An investigation into adjusted programs in the junior high schools of Nova Scotia in 1976
Author(s)Reid, John J.
Slow learning children -- Nova Scotia
Junior high schools -- Nova Scotia -- Curricula
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Abstractiv, 159 leaves ; 28 cm.
Bibliography: leaves 155-159.
Online version unavailable; print version available from Patrick Power Library.
This thesis will deal with a class of students who are usually referred to as slow learners. Specifically, this thesis will deal with the slow learner in the junior high schools of Nova Scotia. In some ways, they are marginal people within the system. Many are not able to advance educationally in the regular classroom setting. Those responsible for curriculum development are attempting to remove this group of students from this marginal position to give the slow learner more positive and meaningful benefits. The experience of schools confirms that there are many such children who lack the intelligibility necessary to cope with basic subjects and who need special assistance. The number of these students varies from one locality to another and from one school to another. These students, in Nova Scotia, are usually placed in one of three programs: adjusted, occupational, or intermediate industrial. Slow learners in these classes have a chronological age of approximately thirteen to eighteen years. These students do not benefit from the educational opportunities presented to them in the regular classroom setting. Many of these students have repeated one or more grades before they reach junior high. One of the major reasons for this, traditionally, was that the regular school programs were designed for average and above average students who, it was thought, were destined for university training.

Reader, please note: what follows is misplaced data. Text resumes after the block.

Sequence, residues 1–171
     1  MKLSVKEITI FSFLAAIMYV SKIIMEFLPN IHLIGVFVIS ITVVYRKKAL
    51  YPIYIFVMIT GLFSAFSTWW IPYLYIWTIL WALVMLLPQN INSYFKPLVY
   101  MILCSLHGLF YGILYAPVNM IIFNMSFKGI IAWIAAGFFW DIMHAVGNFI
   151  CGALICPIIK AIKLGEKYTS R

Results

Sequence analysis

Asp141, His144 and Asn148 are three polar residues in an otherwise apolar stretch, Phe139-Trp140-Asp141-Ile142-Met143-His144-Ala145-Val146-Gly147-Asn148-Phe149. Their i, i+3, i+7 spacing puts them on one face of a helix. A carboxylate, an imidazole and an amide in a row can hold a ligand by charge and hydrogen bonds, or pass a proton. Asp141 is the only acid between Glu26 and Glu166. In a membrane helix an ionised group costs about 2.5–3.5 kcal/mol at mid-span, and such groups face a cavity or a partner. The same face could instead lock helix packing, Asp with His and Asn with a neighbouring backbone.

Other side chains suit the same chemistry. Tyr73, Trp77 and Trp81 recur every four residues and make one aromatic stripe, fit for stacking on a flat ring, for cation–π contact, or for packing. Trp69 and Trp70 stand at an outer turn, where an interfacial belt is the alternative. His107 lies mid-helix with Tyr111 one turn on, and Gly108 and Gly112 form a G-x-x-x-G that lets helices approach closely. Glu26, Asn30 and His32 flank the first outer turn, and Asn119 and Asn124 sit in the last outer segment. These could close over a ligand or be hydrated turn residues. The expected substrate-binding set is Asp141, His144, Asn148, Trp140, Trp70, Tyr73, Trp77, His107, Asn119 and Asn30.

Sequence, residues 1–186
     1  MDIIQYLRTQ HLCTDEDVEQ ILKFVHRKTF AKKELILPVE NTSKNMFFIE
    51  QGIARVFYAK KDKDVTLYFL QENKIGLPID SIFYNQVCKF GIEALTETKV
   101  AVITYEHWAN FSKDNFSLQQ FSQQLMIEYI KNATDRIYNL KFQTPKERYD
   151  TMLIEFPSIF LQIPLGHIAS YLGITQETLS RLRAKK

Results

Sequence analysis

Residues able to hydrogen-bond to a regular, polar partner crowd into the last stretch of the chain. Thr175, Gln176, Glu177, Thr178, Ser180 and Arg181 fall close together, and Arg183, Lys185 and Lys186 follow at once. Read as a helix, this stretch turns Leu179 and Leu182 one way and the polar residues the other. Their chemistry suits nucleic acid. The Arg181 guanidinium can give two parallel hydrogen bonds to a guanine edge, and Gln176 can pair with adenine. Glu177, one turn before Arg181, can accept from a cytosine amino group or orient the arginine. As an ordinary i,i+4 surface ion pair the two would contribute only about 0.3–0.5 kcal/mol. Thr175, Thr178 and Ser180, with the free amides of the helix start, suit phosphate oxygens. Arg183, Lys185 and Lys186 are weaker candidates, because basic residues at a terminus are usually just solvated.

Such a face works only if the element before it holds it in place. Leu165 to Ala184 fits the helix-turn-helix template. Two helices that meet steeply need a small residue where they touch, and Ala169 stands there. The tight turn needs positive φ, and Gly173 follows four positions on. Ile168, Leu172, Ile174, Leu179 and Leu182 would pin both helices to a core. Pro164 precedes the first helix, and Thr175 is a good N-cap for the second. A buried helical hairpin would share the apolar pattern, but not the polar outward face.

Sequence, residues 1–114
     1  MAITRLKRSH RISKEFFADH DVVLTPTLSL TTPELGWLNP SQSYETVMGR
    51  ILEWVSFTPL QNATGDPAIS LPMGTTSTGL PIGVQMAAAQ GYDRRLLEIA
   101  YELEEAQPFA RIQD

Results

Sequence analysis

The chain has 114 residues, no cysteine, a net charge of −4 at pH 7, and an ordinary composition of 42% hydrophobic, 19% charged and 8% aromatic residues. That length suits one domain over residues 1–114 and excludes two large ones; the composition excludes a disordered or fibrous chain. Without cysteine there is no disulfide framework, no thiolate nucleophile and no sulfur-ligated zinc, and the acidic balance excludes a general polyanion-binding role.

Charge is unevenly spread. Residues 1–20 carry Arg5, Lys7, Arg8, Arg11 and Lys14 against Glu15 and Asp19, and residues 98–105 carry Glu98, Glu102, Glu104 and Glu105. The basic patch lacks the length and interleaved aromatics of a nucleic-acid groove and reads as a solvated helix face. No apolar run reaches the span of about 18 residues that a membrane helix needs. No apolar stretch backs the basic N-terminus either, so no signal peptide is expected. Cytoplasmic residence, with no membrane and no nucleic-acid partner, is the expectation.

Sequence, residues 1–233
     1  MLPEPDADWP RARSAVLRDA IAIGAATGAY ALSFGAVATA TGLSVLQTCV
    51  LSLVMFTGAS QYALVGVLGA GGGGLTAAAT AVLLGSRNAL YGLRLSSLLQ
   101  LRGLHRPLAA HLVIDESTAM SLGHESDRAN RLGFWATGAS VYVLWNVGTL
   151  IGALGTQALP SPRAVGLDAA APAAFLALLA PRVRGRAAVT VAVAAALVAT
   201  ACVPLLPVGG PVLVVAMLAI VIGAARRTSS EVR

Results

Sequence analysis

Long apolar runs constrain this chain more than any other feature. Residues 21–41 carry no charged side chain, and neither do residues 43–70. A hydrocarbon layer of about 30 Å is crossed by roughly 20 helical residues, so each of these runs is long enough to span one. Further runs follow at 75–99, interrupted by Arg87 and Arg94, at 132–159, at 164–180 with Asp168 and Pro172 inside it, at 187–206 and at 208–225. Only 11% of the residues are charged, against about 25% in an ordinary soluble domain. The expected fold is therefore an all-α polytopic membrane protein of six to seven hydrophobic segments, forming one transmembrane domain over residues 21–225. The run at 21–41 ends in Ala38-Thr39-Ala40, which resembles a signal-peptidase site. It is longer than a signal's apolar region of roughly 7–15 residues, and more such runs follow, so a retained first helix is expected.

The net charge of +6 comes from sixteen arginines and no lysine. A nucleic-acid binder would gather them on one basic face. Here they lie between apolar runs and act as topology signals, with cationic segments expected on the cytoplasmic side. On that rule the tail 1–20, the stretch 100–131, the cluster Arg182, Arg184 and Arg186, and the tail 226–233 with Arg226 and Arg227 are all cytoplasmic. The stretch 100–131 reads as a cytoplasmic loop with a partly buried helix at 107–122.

LC4694.2 N6 R44